Jeff Gangwer

(September 23,1984 / Hood River, Oregon)

The Wedding in San José


Nearly six months after the wedding in Utah,
My Wife and I take the plunge again—
This time in her Homeland—
Six days before the start of the World Cup

June Sixth, Two-thousand and Fourteen:

We wake to sunshine and travel to the nearby venue in a taxi

We ready the centerpieces and the decorations

I listen to arguments and opinions that I could never understand

(I notice that my mother-in-law's voice, when elevated, sounds like the Central American Fran Dresher)

We finish and return to the house and dress for the ceremony

When I return to the venue in my suit,
I "work the room" like Ginger in Casino:

I meet friends and family—
And feel like Karen in GoodFellas, who met "two dozen Peters and Pauls at [her] wedding" (and several Maries)

I kiss everybody on their cheeks—
And nobody objects because kissing is customary

My Wife arrives in a pounding rainstorm and three people help her from a car

She looks perfecto—and without apprehension this time

We walk to the front and sit at a table where the preacher tells us to value each other

He illustrates his point with a paper bill, which doesn't lose its value when tossed to the floor and stepped on—and then he demonstrates this act to great effect

(I understand enough of his Spanish to nod and smile)

I'm happy and smiling—or feliz—
One of the few words that I know and use when the guests speak to me

After finishing our meal, a sudden THUNDERING interrupts our quiet evening—
What we thought was a deadly car crash or a gas explosion—

But a Costa Rican carnaval enters the reception hall—! —

Dancers and drummers—! —
Disco lights and artificial smoke—! —
Glitter and sequence—! —
Neon bikinis and feathered headdresses—! —

Twenty-five minutes of POUNDING and PANDEMONIUM!

They place a blue hat on my head and a pink one on Rebeca's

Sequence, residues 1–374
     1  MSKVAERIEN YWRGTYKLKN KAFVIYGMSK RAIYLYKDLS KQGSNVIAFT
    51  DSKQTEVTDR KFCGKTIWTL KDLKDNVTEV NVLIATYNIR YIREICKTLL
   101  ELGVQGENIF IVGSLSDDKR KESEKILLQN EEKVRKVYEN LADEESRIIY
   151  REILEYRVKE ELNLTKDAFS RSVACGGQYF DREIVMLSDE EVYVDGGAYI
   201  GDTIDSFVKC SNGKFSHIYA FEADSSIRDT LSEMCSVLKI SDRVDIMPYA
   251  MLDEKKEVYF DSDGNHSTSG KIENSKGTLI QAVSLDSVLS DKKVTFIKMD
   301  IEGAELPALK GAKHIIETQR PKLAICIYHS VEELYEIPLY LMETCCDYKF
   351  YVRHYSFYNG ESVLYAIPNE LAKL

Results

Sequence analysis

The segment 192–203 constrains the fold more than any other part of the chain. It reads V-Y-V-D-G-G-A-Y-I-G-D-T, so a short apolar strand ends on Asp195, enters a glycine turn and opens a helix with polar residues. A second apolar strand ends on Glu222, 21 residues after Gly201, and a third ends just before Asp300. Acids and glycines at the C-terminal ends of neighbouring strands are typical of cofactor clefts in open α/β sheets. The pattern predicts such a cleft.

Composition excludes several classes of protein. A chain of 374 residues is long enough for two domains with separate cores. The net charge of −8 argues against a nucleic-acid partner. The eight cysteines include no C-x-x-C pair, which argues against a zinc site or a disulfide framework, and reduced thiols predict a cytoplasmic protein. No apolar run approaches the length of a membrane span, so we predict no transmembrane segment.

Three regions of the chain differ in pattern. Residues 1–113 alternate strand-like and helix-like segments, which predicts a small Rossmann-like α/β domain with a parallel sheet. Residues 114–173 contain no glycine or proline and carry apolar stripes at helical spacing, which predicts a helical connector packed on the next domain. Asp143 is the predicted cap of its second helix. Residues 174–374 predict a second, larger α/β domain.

We dance with noisemakers in our mouths

Everybody cheers and celebrates

I dance like Doctor Rockso from Metalocalypse

I dance more than I ever danced in my youth and a river of sweat rolls down my back and into my ass crack—sorry for the image

I dance with my Wife, her mother, and her mother's mother, an eighty-six-year old mistress, named Hayde

One of the drummers hands me his drumsticks and I LET LOOSE on the polyester drumhead like a madman

When the carnaval ends, Rebeca and I work the room together:

I carry her train while she doles out small bags of candy to our guests

I kiss everybody again

(And again when they depart)

When the night is spent
And the guests are finally gone,
I crash on the floor in my J.C. Penny suit—
Exhausted and happily married—twice to the same Bride

Submitted: Wednesday, July 09, 2014
Edited: Saturday, July 12, 2014

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  • Mandolyn Orwhatever (7/9/2014 10:35:00 PM)

    this line: We sit at the front at our own table and a preacher tells us to value each other:

    that's awesome. i did laugh, but i mean, it is also true and awesome. hey, value each other! do it now! (Report) Reply

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